Category: Cultural Diversity / Vulnerable Populations
Socioecological factors have been found to play significant roles in adolescent substance use, delinquency, and mental health outcomes. In general, socioeconomic status (SES) has covaried with race and ethnicity in the United States. Other factors include peer influence which is well established as a salient predictor of adolescent substance and delinquency. However, studies have also shown some ethnic differences suggesting perceived peer influence as more salient among Asian youth compared to Hispanic youth. Comparably, parental monitoring has long been regarded as a protective factor against adolescent problem behavior. Generally, parental monitoring has consistently correlated with lower levels of adolescent substance use behaviors and delinquency; this is true even when co-occurring mental health symptoms are evident. School engagement has been negatively associated with adolescent substance use and delinquency outcomes; as perceptions of school connectedness decreases, adolescent substance and delinquent behaviors increase. Targeting school engagement in different ethnic minority groups, such as Mexican American adolescents, has demonstrated reductions in delinquent behaviors. Similarly, adolescent engagement with social support networks including participation in extracurricular activities decreases risk of substance use, delinquency, suicidal ideation and depression. And although studies examining socioeconomic influences on adolescent substance use, delinquency, and mental health symptoms have yielded mixed results, low SES and early geographic relocation are specific variables that have been linked with poor adolescent mental health outcomes, particularly among African American and Latino youth. We hypothesized that (1) a social ecological structural equation model of problematic behavioral outcomes would comprise five latent variables: SES, Parental Monitoring, School Bonding, Social Engagement and Peer Behavior, (2) our socioecological model would best predict substance use outcomes; (3) peer behavior and social engagement would serve as mediators in the model while the other three variables would be intercorrelated; and (4) pathways in the model would vary by ethnic group. Data was used from the 2014 NHSDUH including 13,600 participants, ages 12 to 17. We tested an SEM model which yielded good fit overall (RMSEA=.022). The CFI (.823) and chi-square ( < .05) for this model were not appropriate measures of fit as the RMSEA was too small and the sample size too large for interpretation. We trimmed the model to achieve the best fit and in the final model, social engagement and peer behavior had significant mediating pathways from socioeconomic stability and parental monitoring, while school bonding had a significant direct path to problematic behavioral outcomes. We compared the six ethnic groups on the final SEM model using a critical ratio for differences approach. We used Bonferroni’s correction (105 comparisons) to set the critical difference at z= +/- 3.48. The comparisons showed variability by ethnicity on each pathway except for the relationship between parental monitoring and peer behavior, which showed no statistically significant variability across ethnic groups.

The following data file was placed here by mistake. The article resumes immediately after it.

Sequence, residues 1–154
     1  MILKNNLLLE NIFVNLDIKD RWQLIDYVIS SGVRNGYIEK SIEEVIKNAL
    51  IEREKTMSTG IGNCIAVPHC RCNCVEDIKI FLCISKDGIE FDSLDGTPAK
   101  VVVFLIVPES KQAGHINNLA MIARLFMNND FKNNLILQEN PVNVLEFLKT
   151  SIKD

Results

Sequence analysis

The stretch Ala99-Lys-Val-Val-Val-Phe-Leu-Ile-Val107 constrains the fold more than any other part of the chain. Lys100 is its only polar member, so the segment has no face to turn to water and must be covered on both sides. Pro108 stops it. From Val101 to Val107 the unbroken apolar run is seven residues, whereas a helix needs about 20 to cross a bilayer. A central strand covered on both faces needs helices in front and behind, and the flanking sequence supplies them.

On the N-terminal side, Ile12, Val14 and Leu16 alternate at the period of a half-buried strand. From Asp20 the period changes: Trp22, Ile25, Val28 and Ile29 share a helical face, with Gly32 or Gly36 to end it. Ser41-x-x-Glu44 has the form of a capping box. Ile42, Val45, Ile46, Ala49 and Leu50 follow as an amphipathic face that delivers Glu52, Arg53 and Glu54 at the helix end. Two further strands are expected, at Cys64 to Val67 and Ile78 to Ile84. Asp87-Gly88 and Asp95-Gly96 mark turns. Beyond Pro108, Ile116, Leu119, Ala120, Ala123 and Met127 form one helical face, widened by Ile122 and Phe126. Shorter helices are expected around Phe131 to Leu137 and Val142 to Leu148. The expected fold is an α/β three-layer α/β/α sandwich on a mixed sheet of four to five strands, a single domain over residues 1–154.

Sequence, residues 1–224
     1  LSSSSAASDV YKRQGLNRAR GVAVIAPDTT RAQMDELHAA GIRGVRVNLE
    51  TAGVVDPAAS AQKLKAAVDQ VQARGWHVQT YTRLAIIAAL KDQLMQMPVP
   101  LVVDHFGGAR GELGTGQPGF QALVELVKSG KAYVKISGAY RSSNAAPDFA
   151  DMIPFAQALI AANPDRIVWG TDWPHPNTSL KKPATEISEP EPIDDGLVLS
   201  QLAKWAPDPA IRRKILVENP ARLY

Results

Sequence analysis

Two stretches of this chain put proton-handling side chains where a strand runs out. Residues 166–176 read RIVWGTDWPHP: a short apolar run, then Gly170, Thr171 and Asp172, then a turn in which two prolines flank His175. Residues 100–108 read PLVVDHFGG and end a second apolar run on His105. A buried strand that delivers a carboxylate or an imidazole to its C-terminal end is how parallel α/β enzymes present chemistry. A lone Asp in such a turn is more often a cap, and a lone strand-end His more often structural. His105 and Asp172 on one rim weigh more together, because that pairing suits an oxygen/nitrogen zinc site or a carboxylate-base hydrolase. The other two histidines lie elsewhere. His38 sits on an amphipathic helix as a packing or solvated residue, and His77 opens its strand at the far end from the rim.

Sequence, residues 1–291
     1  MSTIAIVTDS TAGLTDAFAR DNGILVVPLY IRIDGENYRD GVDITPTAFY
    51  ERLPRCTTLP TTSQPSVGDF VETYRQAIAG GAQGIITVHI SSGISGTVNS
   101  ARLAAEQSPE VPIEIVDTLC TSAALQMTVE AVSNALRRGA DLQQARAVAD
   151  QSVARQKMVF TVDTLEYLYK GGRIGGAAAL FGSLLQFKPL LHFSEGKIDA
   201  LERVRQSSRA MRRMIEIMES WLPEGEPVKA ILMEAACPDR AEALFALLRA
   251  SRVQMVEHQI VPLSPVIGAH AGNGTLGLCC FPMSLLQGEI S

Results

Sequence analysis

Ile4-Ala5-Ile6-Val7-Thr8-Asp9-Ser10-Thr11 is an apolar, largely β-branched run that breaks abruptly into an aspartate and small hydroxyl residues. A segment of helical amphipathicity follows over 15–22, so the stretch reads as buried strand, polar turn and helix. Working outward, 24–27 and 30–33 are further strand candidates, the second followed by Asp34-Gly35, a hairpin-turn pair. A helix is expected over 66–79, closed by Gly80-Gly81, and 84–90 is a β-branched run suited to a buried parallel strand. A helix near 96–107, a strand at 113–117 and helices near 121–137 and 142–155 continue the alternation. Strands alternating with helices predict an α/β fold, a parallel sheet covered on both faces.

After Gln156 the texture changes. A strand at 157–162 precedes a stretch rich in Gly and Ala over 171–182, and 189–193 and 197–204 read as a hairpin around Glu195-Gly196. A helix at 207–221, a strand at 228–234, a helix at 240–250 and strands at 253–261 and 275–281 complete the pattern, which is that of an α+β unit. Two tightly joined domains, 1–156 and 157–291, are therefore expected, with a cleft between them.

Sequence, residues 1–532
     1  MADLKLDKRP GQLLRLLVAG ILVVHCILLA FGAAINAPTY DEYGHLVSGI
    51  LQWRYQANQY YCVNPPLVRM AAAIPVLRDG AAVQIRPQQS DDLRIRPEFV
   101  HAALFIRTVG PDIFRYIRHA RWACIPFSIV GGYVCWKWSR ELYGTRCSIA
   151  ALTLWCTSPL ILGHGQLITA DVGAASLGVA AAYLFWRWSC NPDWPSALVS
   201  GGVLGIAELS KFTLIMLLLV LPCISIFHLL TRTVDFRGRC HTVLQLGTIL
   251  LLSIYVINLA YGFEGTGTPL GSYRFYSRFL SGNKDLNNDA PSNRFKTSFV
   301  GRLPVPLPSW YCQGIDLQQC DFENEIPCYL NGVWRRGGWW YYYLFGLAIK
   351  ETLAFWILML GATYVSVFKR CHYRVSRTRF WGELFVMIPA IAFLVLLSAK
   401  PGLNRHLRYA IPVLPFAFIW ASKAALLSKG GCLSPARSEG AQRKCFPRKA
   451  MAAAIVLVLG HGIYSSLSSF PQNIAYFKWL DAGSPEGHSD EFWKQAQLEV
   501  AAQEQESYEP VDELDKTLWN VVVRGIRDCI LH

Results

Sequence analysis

David Stewart– Chief Psychologist, Cambridge Health Alliance-Harvard Medical School
Claudine Moise-Campbell– Doctoral Candidate, Seattle Pacific University, Tacoma, Washington
Ashley Estoup– Graduate Student, Seattle Pacific University, Seattle, Washington
Lindsay Moore– Graduate Student, Seattle Pacific University
Elizabeth Lehinger– Graduate Student, Seattle Pacific University, Seattle, Washington
Erin Underbrink– M.S., Seattle Pacific University, Seattle, Washington